NOAA Center for Satellite Applications and Research banner
Intranet • Contact • Skip navigation
National Oceanographic & Atmospheric Administration website NOAA Center for Satellite Applications and Research website

The Center for Satellite Applications and Research (STAR) is the science arm of the NOAA Satellite and Information Service (NESDIS), which acquires and manages the nation's operational Earth-observing satellites. STAR's mission is to accelerate the transfer of satellite observations of land, atmosphere, ocean, and climate from scientific research and development into routine operations, enabling NOAA to offer state-of-the-art data, products, and services to decision-makers.

Short-Term Prediction of Fall Foliage Coloration from VIIRS Data Improved Gravity Map Reveals New Mountains Under the Sea 10th Annual NOAA/NESDIS/STAR/CoRP Science Symposium at the NOAA CREST Center GOES-14 Enhanced Visible image of Hurricane Marie from August 25 at 2001 UTC Bob Kuligowski and Ralph Ferraro of STAR were awarded NOAA Technology Transfer Awards Caribbean Coral Reefs are predicted to largely disappear in the next 20 years.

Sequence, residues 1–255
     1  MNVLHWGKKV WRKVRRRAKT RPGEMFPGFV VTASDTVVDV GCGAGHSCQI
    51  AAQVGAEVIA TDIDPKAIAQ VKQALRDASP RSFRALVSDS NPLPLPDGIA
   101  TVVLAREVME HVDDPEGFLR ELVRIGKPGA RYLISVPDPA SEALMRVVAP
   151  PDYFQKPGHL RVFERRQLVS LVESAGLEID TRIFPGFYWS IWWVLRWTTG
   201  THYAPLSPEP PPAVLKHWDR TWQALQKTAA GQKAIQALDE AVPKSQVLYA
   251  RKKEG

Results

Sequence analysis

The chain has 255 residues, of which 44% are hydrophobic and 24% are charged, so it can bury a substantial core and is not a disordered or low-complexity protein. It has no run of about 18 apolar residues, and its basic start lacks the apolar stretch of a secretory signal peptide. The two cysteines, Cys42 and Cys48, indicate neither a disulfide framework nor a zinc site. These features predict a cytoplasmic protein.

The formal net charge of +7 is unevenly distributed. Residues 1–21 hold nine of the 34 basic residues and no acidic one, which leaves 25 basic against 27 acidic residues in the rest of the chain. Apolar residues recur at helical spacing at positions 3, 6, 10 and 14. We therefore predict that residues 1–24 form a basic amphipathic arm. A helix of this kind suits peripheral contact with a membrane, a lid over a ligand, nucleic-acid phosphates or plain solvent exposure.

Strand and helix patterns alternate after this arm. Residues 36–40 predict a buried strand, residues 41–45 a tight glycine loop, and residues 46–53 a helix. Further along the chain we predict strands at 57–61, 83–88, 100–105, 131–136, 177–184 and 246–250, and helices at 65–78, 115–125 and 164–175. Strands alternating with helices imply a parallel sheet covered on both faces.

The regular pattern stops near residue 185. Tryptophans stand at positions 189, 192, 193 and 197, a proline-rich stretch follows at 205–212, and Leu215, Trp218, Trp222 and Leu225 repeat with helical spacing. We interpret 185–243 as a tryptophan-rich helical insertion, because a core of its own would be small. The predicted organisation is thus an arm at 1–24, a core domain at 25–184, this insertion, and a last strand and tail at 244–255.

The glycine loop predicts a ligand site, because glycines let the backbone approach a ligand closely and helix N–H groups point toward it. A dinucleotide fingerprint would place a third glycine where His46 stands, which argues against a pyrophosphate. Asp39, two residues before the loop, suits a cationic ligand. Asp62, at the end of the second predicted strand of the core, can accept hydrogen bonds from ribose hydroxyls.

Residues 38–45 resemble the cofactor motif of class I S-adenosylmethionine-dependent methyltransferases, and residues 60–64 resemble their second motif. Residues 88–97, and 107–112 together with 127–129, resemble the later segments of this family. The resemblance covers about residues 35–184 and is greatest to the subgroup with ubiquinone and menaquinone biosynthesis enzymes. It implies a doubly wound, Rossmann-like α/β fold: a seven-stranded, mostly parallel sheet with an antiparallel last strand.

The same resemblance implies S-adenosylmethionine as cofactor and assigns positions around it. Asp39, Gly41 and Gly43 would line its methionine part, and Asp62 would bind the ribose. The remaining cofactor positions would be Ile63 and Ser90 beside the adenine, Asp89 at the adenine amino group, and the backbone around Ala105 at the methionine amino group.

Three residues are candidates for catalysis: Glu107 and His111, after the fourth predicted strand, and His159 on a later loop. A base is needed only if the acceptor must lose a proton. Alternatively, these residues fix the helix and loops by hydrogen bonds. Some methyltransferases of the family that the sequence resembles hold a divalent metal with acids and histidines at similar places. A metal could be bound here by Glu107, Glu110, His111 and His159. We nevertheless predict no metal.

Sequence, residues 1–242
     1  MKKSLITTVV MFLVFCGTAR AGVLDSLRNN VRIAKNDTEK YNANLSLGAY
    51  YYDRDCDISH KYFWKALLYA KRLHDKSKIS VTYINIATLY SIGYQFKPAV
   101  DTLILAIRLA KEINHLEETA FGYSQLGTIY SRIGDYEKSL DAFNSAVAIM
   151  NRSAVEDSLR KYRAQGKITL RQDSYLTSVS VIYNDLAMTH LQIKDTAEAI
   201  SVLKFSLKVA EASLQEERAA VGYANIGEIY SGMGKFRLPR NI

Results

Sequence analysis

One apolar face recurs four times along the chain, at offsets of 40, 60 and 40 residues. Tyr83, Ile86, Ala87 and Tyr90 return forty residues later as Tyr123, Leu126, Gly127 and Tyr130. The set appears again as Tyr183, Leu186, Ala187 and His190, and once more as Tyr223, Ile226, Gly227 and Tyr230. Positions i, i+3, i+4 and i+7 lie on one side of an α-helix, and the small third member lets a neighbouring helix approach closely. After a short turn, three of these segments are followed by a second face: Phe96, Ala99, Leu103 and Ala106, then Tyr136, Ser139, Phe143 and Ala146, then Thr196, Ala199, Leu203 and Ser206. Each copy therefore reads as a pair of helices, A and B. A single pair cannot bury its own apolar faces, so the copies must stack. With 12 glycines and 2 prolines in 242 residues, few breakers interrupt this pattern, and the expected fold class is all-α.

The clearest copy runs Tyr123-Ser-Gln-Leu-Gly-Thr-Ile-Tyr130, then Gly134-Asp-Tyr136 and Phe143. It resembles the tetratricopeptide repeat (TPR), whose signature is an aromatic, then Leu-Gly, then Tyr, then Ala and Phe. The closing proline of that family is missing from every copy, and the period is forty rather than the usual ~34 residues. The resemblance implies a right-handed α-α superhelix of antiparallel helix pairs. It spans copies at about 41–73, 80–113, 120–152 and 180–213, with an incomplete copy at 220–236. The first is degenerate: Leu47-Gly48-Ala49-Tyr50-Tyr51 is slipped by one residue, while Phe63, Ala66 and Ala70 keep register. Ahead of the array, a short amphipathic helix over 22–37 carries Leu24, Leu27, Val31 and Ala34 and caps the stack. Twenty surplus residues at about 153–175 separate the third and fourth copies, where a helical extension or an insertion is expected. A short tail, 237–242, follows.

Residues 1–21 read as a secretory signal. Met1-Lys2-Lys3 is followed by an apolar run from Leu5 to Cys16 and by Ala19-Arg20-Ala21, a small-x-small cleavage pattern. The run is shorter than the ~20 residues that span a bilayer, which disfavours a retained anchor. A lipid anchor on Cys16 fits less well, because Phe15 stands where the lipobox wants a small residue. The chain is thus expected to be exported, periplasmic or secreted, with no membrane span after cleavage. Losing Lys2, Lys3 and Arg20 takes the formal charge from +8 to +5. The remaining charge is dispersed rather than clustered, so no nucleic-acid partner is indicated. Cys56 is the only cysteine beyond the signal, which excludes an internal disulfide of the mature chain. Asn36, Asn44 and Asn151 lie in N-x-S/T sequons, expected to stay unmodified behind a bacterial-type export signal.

Short-term Prediction of Fall Foliage Coloration from VIIRS Data

October 15, 2014 - Xiaoyang Zhang (formerly of STAR) and Bob Yu (STAR / SMCD / EMB) have devised a new method to monitor and predict short-term fall foliage coloration across the United States using the VIIRS daily vegetation index. The new products have potential applications in agriculture, forestry, environmental modeling, and tourism. Developed with the support of the JPSS Proving Ground and Risk Reduction Program, the new system monitors in real time and forecast in the short term fall foliage development across the United States. Currently, the system monitors foliage every 3 days and makes prediction in 10 days ahead. Read more.

Improved Gravity Map Reveals New Mountains Under the Sea